Democrats to come forward and negotiate a resolution of the shutdown in 
good faith. But to this point, the Speaker, Ms. Pelosi, and the 
minority leader, Senator Schumer, have simply refused to negotiate with 
the President.
  I was with the President down in Texas, down along the border, on 
Thursday. He is willing to negotiate. We know we had broad bipartisan 
support for the Secure Fence Act, for example, in 2006, authorizing up 
to 800 miles of fencing on the southern border. The Democratic leader 
voted for that, and so did Barack Obama and Hillary Clinton. Later, in 
2014, all Democrats voted for $40 billion in border security, including 
barriers, fencing, and tactical infrastructure along the border. Now 
they are saying, as the Speaker has said, that somehow this is 
``immoral.'' Well, this is hypocrisy at its worst.


                       Nomination of William Barr

  Madam President, on another matter, today the Senate Judiciary 
Committee is holding a hearing on the nomination of William Barr to be 
Attorney General of the United States. Mr. Barr is uniquely qualified 
for this position in large part because he held the job before. As a 
matter of fact, 27 years ago, he was nominated by George Herbert Walker 
Bush to be Attorney General of the United States. He was confirmed by a 
unanimous voice vote in the Senate. It received little fanfare at the 
time because it wasn't particularly controversial--nothing like the 
contentious, partisan confirmation battles we have seen the last 2 
years. There wasn't an attempt--at least so far, and I am keeping my 
fingers crossed--to assassinate Mr. Barr's character or try to decipher 
the notes in his high school yearbook like we saw in the Kavanaugh 
confirmation hearing. Instead, so far, and to the committee's credit, 
we have focused on his qualifications.
  He is clearly smart, articulate, and able. He has a clear 
understanding of what the role of the Attorney General is and, more 
importantly, what it is not. An Attorney General should not be a 
politician. As a matter of fact, the Attorney General has the very 
difficult job of trying to balance his responsibilities as the chief 
law enforcement officer in the country enforcing the rule of law along 
with the fact that he is a political appointee of the President's. To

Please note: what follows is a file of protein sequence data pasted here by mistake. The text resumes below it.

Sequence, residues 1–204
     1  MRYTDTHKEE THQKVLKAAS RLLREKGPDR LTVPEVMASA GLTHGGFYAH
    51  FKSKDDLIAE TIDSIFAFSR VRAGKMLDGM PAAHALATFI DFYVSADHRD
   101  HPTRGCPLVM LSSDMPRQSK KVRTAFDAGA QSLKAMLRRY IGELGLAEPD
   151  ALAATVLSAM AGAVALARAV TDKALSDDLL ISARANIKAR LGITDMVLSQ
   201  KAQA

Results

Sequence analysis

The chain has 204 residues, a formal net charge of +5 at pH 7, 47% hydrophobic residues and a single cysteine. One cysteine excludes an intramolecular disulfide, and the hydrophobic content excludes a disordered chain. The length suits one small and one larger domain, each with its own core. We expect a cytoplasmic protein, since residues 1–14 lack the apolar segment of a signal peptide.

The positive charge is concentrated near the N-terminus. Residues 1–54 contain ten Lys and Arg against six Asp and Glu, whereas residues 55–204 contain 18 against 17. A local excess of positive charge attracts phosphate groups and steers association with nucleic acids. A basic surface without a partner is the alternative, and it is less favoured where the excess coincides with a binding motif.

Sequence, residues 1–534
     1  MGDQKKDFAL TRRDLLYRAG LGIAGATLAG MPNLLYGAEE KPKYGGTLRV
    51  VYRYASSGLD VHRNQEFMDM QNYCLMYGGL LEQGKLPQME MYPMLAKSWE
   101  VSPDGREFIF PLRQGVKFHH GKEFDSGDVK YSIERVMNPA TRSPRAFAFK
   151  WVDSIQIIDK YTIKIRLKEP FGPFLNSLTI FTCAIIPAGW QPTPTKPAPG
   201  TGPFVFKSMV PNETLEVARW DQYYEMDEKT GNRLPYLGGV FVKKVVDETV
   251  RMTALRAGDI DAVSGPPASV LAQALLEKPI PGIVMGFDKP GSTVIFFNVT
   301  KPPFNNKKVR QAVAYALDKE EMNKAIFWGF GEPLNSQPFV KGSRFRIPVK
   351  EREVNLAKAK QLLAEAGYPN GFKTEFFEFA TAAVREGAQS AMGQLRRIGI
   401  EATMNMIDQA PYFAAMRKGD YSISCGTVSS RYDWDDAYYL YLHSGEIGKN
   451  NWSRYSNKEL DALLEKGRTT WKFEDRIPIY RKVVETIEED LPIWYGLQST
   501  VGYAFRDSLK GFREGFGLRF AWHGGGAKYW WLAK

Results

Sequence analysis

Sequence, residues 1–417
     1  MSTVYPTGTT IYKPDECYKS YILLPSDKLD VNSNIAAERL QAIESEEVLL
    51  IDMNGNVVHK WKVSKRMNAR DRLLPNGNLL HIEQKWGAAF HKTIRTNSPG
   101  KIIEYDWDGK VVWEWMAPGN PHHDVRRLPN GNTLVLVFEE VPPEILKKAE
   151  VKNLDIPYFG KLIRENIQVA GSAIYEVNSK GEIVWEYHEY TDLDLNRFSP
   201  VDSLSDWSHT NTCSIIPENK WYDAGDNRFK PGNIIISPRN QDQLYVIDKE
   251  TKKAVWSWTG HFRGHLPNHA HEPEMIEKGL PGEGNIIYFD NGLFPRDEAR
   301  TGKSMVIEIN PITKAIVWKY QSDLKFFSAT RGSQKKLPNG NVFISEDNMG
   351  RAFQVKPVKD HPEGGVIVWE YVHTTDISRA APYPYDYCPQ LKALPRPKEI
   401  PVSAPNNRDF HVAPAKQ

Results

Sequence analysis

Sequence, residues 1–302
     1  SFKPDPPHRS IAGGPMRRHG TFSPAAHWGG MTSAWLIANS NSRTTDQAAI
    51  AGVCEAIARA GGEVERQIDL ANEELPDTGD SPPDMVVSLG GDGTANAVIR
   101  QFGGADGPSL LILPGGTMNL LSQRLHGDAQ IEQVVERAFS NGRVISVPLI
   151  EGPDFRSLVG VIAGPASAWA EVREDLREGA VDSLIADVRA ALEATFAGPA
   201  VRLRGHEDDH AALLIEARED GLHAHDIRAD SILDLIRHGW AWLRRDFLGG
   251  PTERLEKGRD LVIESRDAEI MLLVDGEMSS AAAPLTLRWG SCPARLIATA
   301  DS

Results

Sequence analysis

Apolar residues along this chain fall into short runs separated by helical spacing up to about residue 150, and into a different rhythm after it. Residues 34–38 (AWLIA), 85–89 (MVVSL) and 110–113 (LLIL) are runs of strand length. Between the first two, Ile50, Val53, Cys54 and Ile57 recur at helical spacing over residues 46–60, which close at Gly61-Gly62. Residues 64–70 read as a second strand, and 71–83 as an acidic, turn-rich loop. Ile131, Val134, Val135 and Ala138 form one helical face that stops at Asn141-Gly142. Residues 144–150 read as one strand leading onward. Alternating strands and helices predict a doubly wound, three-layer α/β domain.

me, that is one of the most difficult positions in the Cabinet to hold. 
But Mr. Barr has done it before, and I think he can do it again. He, of 
course, has great institutional knowledge about the Department of 
Justice.
  In addition to Attorney General, he held the job of Assistant 
Attorney General for the Office of Legal Counsel and Deputy Attorney 
General before he was promoted to the top job
  Back in 1992, when Mr. Barr was confirmed, then-chairman of the 
Senate Judiciary, Joe Biden--President Obama's Vice President--said he 
would be a fine Attorney General.
  This morning, I heard Mr. Barr discuss the qualities that undoubtedly 
led Senators on both sides of the aisle to support his confirmation. He 
spoke of the importance of acting with professionalism and integrity. 
As a matter of fact, he said that at 68 years old, he basically had 
decided to semi-retire, only to answer the call by the President to 
return to public service. He said: I am completely independent. I will 
make the hard decisions. I will make the right decisions. I will help 
restore the reputation of the Department of Justice and the FBI to an 
apolitical, a nonpolitical department, which is exactly what we need.
  He wants to make sure that the character and reputation of the 
Department of Justice is enhanced and restored and then maintained, and 
then it could withstand even the most trying political times, including 
those in which we presently live.
  He spoke of serving with independence, providing no promises or 
assurances to anyone or anything, other than to faithfully execute and 
administer the laws of the United States of America.
  It is clear to me that he maintains the same views he held 27 years 
ago. I share his view that the Department of Justice should function 
outside of the highly politicalized times we live in. The fair and 
impartial administration of justice is the highest obligation and duty 
of this position.
  I believe Mr. Barr is an outstanding nominee and, once confirmed, 
will be an outstanding Attorney General. I look forward to voting yes